This will be Florida's 29th chance at the title, which they've won 13 times. Tennessee has a played for the title 56 times, winning or defending it 36 times.
The University of Tennessee will play for the "Grandaddy of All National Championships," the Perpetual National Championship (PNC), September 19th when the Volunteers face off against current title holder, the University of Florida.
The Gators took the title from Oklahoma in the 2009 BCS game and have successfully defended it this year against Charleston Souther University and Troy University. The Gators have played in 28 of those title games and have won or defended the title 13 times. The last time Florida held the title was in 2007, when after winning and defending the title five consecutive times, the Gators lost to Auburn 20-17 on a last minute field goal by Auburn's Wes Byrum. This is the first title game for Troy.
Tennessee has a rich PNC history, landing at number 11 on the All-Time Perp list. They have played in 56 title games, winning or defending the title 36 times. The Volunteers first won the title in 1939 when they defeated Oklahoma in the Orange bowl. They last held the title in 1975 when they lost it to UCLA 34-28. Their last appearance in a title game was in 2007, when they lost to Florida 59-20. This will be the 1,361st PNC title game.
What is the Perpetual National Championship?
The Perpetual National Championship is awarded to college football teams in a continuous series of boxing-style title matches. The title is contested every time the holder of the title takes the field. The first title was won by Rutgers in 1869 when they defeated Princeton 6-5 in the first college football game. Princeton won the title back seven days later, beating Rutgers 8-0. The winner of the tittle match wins an award affectionately referred to as The Perp. The All-Time Perp is the team who won or defended the Perpetual National Championship the most times. To determine the All-tIme Perp, teams were given one point for winning or defending the title and zero points for a tie. Since Division I-A college football doesn't currently have a playoff and relies on voters to determine a championship game, the Perpetual National Championship is the only national championship decided on the field.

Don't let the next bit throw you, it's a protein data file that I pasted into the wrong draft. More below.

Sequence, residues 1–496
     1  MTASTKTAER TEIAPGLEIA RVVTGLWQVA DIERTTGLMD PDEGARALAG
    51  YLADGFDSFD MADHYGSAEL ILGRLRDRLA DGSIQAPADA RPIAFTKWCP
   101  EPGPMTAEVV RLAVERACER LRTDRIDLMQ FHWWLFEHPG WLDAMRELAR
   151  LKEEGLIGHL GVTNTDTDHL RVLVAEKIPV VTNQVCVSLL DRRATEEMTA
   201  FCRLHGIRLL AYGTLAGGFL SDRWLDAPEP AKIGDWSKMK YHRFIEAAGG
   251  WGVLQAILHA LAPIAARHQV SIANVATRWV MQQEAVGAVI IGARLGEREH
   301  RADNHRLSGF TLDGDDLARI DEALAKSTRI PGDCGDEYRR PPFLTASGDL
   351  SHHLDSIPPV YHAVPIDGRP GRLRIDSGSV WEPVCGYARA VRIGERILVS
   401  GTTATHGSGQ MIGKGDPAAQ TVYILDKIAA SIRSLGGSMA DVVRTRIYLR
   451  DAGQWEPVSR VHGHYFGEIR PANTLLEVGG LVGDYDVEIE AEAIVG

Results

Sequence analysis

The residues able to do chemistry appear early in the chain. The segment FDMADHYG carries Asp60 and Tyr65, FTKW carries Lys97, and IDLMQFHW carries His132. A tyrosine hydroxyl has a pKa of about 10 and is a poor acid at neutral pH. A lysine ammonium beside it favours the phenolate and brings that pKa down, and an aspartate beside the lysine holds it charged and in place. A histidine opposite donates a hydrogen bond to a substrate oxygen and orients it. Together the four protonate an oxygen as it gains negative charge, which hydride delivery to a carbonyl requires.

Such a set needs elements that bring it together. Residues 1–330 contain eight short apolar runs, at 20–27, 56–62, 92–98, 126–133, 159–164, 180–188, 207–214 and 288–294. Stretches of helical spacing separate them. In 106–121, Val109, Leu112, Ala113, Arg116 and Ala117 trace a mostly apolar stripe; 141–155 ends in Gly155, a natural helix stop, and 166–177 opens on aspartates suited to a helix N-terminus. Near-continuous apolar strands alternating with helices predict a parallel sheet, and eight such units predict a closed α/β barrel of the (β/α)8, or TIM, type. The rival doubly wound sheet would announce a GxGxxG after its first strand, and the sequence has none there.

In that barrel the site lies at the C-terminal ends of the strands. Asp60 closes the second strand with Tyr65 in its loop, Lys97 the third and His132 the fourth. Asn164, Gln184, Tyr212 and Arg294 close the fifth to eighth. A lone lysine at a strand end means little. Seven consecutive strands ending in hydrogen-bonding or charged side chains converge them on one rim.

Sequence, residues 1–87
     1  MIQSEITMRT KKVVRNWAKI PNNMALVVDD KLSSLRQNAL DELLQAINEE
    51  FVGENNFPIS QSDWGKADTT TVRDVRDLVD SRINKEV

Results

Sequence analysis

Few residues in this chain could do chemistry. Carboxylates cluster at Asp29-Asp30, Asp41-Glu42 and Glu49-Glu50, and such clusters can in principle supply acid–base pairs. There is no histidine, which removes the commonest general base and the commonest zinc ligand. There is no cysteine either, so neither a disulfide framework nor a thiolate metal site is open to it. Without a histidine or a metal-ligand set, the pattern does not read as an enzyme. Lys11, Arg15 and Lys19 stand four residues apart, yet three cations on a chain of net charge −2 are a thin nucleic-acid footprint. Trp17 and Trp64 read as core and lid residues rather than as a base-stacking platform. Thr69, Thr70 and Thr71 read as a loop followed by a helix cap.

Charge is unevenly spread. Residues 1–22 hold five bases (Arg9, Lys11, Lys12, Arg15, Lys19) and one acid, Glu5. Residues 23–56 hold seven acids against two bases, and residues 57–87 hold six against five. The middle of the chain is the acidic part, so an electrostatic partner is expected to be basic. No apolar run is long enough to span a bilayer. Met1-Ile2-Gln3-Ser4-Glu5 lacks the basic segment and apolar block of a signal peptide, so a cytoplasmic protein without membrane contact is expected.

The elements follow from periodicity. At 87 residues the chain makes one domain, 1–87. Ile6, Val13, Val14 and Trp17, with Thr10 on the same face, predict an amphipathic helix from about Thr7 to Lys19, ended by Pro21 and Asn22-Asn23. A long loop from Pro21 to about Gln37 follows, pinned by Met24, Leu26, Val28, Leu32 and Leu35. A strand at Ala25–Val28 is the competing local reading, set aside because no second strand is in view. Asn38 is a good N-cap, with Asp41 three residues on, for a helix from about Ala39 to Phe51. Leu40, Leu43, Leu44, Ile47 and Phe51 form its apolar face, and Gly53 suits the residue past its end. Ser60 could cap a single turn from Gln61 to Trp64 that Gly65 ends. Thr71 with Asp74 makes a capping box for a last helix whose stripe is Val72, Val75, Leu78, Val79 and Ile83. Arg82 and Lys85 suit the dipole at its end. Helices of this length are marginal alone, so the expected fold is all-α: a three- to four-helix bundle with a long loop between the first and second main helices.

The Perpetual National Championship has several advantages over the current mythical national championship determined by the Bowl Championship Series.
It continues college football's emphasis on the regular season because the title is contested every time the title-holder takes the field.
It can co-exist with the current BCS system or any future playoff and will often have a different champion than other national championships.
It doesn't rely on biased votes from coaches and assistants, like those of the USA Today coaches poll, or uninformed parties like the Harris Poll.
The lesser conferences and independent teams get to play for the title anytime a larger school has the courage to schedule them.